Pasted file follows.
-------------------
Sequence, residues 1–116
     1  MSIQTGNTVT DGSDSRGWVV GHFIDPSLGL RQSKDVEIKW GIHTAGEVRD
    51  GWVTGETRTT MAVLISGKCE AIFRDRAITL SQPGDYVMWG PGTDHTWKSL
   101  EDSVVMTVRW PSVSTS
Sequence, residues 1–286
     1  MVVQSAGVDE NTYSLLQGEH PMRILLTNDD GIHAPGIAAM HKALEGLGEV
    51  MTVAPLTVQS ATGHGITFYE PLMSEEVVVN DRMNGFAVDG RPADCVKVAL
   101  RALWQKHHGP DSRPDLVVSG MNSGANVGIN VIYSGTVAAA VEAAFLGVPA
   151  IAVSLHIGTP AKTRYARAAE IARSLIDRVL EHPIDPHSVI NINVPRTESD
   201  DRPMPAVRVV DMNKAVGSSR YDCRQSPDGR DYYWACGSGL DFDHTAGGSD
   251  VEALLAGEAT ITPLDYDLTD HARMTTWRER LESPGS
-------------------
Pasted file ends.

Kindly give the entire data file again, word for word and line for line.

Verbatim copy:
Sequence, residues 1–116
     1  MSIQTGNTVT DGSDSRGWVV GHFIDPSLGL RQSKDVEIKW GIHTAGEVRD
    51  GWVTGETRTT MAVLISGKCE AIFRDRAITL SQPGDYVMWG PGTDHTWKSL
   101  EDSVVMTVRW PSVSTS
Sequence, residues 1–286
     1  MVVQSAGVDE NTYSLLQGEH PMRILLTNDD GIHAPGIAAM HKALEGLGEV
    51  MTVAPLTVQS ATGHGITFYE PLMSEEVVVN DRMNGFAVDG RPADCVKVAL
   101  RALWQKHHGP DSRPDLVVSG MNSGANVGIN VIYSGTVAAA VEAAFLGVPA
   151  IAVSLHIGTP AKTRYARAAE IARSLIDRVL EHPIDPHSVI NINVPRTESD
   201  DRPMPAVRVV DMNKAVGSSR YDCRQSPDGR DYYWACGSGL DFDHTAGGSD
   251  VEALLAGEAT ITPLDYDLTD HARMTTWRER LESPGS